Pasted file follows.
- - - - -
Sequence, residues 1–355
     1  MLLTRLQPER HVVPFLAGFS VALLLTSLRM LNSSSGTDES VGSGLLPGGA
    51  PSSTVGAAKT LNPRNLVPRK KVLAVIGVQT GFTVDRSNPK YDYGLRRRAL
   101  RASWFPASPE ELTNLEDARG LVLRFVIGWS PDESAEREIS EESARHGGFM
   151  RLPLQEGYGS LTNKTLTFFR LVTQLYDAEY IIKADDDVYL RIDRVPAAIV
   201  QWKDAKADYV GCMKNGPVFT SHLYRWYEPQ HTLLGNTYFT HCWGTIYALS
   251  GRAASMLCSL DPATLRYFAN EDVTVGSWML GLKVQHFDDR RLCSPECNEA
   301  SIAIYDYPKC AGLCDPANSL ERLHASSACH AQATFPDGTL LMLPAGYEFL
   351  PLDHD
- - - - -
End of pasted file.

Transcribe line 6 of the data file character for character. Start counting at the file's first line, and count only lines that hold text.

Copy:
   201  QWKDAKADYV GCMKNGPVFT SHLYRWYEPQ HTLLGNTYFT HCWGTIYALS